Sweat, Tears and a Home for GM Memories
Note: This post is the second part of a two-part series. Read Part 1.
To donate General Motors-related items to the Legacy Center, email Dona Dutcher or call 608-290-1769.
On Oct. 17 a traveling group of performers from New York, The Public Theater, made their way to Janesville to present for free the 2017 Pulitzer Prize-winning production of Sweat by Lynn Nottage. The four-week tour began Sept. 27 and traveled across Michigan, Ohio, Pennsylvania, Minnesota, and Wisconsin.
Sweat is about a group of friends who have spent their lives working together on the factory floor. When word of layoffs begins, rifts form, damaging trust and pitting them against each other. It is an eerie reflection of what Janesville went through leading up to the closing of our GM plant in 2008.
I arrive at the UAW building just as the sun sinks beyond the half-bare trees of autumn to the west. A busy team of The Public Theater’s staff is bustling about with last-minute preparations, arranging audience chairs and chatting off to the side. I am already moved by what I see.
Several of the chairs fill as the crowd begins to shuffle in from the chilly night air. I figure I better grab a good spot before it’s too late.
The set is simple; a bar, some stools and a couple of tables. On the large mirror behind the bar is written 2008. The scenes flashback to earlier and later years as events unfolded.
The play’s writer, Lynn Nottage, brilliantly captures the essence of what life was like for the union workers of an industrial plant in the late 2000s. She interviewed several residents of Redding, PA, as the basis for the play. Sweat received three 2017 Tony Award nominations: Best Play and Best Performance by an Actress in a Featured Role in a Play for both Johanna Day and Michelle Wilson. Additionally, Sweat won the 2017 Pulitzer Prize for Drama.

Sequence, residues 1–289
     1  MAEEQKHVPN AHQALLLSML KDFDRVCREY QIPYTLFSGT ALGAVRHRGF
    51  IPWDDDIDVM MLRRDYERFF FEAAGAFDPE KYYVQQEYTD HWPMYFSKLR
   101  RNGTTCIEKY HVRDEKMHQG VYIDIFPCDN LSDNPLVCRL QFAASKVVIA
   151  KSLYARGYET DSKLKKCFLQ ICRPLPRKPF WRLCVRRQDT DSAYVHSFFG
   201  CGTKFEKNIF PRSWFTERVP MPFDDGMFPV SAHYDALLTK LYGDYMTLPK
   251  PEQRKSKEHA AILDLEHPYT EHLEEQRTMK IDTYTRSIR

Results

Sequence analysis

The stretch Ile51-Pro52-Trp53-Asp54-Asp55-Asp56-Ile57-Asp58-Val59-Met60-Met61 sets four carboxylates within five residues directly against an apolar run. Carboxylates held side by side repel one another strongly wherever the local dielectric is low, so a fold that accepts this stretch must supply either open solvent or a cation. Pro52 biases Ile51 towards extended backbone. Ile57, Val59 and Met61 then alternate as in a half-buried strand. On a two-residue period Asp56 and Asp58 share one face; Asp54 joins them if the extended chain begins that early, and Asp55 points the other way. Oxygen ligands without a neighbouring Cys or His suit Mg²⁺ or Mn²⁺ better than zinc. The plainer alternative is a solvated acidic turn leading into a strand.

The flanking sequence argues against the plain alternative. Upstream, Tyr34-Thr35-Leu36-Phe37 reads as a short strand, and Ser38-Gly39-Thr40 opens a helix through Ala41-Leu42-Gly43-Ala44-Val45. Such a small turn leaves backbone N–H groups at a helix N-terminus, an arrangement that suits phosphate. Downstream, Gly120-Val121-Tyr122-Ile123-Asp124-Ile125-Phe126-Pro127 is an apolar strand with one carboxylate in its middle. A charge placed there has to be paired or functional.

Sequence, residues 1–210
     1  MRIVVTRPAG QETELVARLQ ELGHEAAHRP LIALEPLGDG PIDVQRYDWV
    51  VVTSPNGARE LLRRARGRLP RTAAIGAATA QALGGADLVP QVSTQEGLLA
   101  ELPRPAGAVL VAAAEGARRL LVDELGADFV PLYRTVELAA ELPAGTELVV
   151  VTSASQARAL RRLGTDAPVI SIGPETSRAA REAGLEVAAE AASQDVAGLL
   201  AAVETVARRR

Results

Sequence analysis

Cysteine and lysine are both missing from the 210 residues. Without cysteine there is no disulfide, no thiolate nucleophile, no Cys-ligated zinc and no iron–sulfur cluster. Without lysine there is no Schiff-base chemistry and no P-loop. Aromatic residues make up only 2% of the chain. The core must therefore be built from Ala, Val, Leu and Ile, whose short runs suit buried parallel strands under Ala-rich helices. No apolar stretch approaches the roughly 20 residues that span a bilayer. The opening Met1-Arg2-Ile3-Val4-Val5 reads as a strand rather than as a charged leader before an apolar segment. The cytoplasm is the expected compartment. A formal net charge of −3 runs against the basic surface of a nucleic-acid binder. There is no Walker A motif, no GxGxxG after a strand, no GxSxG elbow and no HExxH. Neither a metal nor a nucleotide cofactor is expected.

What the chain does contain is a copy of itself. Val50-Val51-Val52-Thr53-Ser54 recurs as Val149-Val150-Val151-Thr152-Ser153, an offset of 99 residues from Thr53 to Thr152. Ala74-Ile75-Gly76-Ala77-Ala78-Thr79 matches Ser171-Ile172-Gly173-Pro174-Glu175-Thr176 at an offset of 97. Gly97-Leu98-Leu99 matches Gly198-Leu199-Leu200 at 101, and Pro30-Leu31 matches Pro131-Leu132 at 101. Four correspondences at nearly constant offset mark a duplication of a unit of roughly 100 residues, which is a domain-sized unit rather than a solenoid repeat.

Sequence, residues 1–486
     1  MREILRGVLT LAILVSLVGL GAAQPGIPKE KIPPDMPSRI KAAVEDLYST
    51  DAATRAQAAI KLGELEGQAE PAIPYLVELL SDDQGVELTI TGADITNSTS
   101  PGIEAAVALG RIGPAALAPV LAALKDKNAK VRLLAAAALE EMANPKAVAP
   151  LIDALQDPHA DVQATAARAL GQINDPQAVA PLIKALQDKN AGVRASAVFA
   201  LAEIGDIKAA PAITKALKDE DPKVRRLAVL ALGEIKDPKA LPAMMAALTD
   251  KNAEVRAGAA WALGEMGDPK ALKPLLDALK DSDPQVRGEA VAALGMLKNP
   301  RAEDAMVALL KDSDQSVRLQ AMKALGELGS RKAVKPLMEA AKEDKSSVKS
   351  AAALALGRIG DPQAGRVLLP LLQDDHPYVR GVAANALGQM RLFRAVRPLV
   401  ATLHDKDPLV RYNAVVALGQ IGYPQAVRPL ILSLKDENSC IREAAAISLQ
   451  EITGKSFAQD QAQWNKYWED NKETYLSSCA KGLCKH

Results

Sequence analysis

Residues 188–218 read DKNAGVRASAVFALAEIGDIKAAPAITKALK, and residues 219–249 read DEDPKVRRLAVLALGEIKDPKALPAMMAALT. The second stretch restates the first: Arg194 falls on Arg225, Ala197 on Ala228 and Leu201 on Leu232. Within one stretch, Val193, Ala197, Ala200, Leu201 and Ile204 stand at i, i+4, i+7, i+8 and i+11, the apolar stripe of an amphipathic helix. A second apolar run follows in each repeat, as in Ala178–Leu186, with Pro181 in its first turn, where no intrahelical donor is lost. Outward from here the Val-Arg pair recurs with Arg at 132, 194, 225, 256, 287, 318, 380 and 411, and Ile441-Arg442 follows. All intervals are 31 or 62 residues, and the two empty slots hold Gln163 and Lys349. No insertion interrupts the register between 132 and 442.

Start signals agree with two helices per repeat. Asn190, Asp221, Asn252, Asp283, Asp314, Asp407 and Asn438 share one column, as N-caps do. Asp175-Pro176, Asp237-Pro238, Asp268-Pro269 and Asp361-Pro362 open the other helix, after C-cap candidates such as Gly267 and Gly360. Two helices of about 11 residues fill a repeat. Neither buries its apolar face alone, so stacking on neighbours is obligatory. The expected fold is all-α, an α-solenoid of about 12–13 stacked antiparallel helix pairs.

The show opens, actors enter, and immediately there’s a lot of movement, shouting, drama and raw emotion in their faces, gestures in their arms and hands. There are rumors of the plant closing. They need to know if it is true. Who heard what? He said, she said. “Why haven’t they told us? What am I going to do?” The questions arise in the heat of the moment.
The relationships on the stage range from best friends to co-workers, bartender and ethnic employee, mother and son, husband and wife, parole officer and prisoner. And Lynn finds a way through the dialogue to keenly develop these characters to the point that we feel as if they were our own neighbor.
The story explores friendships, corporate ambition, unemployment, poverty, sacrifice and desperation leading to drugs, crime and incarceration. On a deeper level, it reveals what it means to be human, what it means to love and protect family; it explores the bonds of friendship, the pain of loss, resilience, and redemption.
The acting is brilliant, directing phenomenal. As an audience member, I begin to feel as if I am in that bar, a patron at my own table, witnessing these lively, sometimes heated conversations. They don’t notice me, or anyone else, yet I feel like I could join in the conversation at any time. I wouldn’t dare, but not because I’m aware that I’m in the audience. No, that line of distinction is washed away by the professionalism of this production. I don’t join in because I recognize the anger and I see the aggression. The actors express everything from laughter and love to despair, even violence throughout the play.
The audience is moved to laughter, brought to tears. They relate. They understand. They feel it in their core. Though I never worked at GM, I experience an array of emotions, as well. I remember friends who were devastated by the news of GM’s closing. We all were impacted one way or another. It mattered. It changed us, changed Janesville, the closing devastated our economy, injured our pride and weakened community morale.